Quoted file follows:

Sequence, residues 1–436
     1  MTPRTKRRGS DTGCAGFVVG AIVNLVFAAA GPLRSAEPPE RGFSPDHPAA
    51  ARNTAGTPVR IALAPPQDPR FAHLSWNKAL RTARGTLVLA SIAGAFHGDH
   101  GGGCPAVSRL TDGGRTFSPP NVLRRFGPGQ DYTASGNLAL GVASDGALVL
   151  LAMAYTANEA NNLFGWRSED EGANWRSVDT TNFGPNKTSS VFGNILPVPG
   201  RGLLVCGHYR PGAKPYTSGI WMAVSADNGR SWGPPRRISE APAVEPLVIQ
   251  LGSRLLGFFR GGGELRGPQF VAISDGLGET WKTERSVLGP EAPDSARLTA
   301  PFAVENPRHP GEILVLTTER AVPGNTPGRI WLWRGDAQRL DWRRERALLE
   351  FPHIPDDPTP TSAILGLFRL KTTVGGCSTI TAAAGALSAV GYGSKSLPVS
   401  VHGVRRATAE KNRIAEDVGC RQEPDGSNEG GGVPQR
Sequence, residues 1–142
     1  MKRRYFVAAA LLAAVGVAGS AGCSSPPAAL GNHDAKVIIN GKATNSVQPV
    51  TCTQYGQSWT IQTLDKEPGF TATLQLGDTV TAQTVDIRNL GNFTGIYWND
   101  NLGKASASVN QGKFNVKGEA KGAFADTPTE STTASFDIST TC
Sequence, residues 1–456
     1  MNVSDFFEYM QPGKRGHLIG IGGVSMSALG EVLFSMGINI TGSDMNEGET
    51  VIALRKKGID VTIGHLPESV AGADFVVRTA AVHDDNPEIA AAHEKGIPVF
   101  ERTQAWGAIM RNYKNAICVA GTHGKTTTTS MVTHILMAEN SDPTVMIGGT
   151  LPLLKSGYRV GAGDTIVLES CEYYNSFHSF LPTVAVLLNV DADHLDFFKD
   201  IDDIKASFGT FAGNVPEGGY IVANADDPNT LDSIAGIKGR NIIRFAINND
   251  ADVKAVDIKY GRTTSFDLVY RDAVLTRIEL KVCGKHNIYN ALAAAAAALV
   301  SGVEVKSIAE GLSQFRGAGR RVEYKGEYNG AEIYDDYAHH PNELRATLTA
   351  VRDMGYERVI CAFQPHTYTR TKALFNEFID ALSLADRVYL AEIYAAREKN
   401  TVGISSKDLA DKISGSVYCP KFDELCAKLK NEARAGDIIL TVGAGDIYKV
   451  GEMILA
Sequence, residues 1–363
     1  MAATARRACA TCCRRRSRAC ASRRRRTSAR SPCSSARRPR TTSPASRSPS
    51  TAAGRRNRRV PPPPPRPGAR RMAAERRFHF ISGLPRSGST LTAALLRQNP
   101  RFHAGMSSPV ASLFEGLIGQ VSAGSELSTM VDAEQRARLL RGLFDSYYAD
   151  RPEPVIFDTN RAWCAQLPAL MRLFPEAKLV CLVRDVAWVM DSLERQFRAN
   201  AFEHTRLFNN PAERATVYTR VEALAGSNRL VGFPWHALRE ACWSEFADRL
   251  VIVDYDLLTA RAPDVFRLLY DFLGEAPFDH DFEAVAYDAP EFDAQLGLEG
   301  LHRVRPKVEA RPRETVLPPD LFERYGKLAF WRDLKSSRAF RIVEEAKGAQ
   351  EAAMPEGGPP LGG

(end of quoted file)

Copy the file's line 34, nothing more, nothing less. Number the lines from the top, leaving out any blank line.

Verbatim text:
   351  EAAMPEGGPP LGG